Rather than taking care of the easy things on your to-do list, make point of getting the gritty work out of the way as soon as possible in your day. This has two effects: 1) It leaves you without the worry of completing it later. 2) It allows you to create a reward system for a job well done.
3. Have a Dedicated Workspace
Another obvious inclusion… But create a clear distinction between workspace, communal space and private recreational space is one of the most overlooked, but easy to fix sources of dysfunction in your workflow that could be contributing to your stress.
4. Don’t Allow Yourself to Manufacture Conflict That isn’t There
Remember when corresponding with people by email, text or WhatsApp, there isn’t always an undercurrent of animosity. A lot is lost in the written word, which some people just aren’t aware of and are too busy to compensate for by typing lengthy prose-like messages.
5. Request Some Actual Downtime from Your Employers
If you’re finding your schedule and/or workload unmanageable, don’t suffer in silence. Speak to your employer. It doesn’t need to be fractious – you don’t need to confront. Just converse with them. Open up a dialogue and make your grievances known.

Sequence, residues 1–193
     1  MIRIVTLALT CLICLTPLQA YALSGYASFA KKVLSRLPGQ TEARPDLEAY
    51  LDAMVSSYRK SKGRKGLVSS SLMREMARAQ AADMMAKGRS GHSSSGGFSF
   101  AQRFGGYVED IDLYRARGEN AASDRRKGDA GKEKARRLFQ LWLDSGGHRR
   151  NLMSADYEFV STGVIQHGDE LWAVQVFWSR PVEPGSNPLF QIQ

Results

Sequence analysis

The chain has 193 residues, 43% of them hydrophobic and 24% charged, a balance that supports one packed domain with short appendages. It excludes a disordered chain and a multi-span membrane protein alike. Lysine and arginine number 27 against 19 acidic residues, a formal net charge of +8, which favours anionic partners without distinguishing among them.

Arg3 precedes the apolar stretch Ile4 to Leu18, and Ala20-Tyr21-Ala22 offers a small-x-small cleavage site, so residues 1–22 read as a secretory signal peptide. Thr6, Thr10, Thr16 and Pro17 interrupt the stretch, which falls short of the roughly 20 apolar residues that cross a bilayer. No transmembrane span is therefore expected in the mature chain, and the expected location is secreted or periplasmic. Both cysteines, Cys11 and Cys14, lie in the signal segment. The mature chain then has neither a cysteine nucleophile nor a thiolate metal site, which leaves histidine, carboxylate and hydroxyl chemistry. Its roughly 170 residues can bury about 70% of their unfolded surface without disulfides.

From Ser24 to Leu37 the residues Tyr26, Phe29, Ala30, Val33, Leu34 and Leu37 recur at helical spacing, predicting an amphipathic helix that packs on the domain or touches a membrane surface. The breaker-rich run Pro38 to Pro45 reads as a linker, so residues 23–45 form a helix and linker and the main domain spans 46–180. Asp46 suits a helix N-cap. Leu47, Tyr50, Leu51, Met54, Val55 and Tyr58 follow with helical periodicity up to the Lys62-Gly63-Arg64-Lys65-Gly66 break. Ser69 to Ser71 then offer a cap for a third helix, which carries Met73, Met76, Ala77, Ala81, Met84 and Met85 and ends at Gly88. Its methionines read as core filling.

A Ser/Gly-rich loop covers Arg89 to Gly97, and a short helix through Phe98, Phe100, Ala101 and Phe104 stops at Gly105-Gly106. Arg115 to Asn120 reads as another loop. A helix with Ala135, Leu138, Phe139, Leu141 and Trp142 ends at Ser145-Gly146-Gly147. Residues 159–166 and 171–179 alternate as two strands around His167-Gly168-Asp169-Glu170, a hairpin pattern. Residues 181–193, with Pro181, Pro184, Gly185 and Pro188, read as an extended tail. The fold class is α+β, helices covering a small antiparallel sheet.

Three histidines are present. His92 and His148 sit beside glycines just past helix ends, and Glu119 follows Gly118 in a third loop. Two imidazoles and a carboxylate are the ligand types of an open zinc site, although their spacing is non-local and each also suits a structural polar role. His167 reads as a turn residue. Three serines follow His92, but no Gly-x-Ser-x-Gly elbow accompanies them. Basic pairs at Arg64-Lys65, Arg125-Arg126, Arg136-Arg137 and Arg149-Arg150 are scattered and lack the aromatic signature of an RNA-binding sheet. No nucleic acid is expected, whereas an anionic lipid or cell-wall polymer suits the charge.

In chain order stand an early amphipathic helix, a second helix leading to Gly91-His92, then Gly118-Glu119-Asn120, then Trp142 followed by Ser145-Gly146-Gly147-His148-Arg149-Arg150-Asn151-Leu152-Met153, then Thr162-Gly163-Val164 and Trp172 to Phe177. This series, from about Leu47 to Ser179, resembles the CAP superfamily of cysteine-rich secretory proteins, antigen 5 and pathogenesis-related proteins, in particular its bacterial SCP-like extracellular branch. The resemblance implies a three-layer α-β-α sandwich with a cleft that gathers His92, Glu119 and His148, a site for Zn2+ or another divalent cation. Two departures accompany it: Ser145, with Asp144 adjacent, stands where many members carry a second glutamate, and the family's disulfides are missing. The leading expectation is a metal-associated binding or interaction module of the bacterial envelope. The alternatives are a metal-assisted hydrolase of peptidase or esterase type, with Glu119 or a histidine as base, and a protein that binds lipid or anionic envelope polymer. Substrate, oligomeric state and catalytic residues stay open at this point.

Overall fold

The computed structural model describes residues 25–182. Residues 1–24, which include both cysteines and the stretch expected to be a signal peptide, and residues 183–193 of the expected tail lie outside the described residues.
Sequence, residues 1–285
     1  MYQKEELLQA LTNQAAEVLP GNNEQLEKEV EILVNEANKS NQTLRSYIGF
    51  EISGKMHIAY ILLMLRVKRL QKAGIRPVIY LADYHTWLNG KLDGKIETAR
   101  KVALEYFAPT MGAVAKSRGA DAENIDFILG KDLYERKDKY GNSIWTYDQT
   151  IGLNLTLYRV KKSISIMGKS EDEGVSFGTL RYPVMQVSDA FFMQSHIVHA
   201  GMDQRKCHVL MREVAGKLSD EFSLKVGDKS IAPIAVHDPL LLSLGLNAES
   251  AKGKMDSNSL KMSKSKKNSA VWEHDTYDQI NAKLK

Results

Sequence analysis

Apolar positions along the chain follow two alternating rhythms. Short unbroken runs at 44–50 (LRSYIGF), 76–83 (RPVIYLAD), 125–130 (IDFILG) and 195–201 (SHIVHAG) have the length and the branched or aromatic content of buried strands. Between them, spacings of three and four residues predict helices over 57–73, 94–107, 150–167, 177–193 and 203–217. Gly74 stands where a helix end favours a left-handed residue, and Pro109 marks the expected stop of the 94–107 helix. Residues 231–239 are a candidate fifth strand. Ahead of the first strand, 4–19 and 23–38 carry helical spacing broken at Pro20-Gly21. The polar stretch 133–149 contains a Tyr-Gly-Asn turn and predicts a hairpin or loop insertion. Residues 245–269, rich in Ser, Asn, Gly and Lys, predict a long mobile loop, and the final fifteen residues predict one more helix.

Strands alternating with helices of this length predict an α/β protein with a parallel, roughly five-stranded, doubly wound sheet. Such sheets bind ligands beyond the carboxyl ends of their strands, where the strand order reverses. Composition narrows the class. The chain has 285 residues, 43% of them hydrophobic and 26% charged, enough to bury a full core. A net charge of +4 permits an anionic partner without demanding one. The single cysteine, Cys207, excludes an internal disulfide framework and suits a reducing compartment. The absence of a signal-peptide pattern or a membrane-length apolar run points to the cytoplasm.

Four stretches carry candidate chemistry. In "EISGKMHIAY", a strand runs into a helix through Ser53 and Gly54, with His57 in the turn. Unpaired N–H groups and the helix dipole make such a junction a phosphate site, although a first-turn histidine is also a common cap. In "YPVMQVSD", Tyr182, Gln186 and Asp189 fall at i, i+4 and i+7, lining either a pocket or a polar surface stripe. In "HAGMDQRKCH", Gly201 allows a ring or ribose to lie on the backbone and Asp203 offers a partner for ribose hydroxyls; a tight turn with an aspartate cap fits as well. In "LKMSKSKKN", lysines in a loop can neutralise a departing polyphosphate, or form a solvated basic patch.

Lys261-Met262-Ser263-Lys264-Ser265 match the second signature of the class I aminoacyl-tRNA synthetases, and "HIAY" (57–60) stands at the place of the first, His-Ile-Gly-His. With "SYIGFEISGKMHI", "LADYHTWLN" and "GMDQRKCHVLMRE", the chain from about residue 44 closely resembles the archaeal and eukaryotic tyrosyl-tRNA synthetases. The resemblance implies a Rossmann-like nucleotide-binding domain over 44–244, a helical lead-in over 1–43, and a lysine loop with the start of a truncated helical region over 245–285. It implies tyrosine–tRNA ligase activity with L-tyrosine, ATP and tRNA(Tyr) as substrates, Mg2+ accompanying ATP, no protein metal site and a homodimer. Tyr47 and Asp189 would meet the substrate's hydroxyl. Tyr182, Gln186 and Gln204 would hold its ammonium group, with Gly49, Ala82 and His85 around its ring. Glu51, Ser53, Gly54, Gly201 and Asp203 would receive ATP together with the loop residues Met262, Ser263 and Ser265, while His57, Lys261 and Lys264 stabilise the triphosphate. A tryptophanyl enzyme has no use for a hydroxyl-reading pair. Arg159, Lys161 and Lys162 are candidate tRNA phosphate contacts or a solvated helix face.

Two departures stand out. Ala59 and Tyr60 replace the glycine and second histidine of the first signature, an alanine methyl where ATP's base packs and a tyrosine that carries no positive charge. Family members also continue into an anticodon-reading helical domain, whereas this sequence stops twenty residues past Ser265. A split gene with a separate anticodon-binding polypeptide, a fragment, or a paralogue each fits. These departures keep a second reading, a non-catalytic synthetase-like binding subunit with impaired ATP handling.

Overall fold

About the author:
Dr Becky Spelman is a leading UK Psychologist who’s had great success helping her clients manage and overcome a multitude of mental illnesses.
***If you’re struggling with the stress of working from home and think you might benefit from speaking to someone, we offer a FREE 15-MINUTE CONSULTATION with one of our specialists to help you find the best way to move forward. You can book yours here.
Very Well Mind (7th Feb 2021) How to Handle the Stress of Working From Home.
Psychology Today (3rd May 2020) Does Working From Home Make You Blue? Research Explains Why. Retrieved on 25th February, 2020 from, https://www.psychologytoday.com/gb/blog/the-couch/202005/does-working-home-make-you-blue-research-explains-why
NHS (2020) 7 simple tips to tackle working from home. Retrieved on 25th February, 2020 from, https://www.nhs.uk/oneyou/every-mind-matters/7-simple-tips-to-tackle-working-from-home/
How to Take the Stress Out of Working from Home (Long-Term) was last modified: July 5th, 2021 by Dr Becky Spelman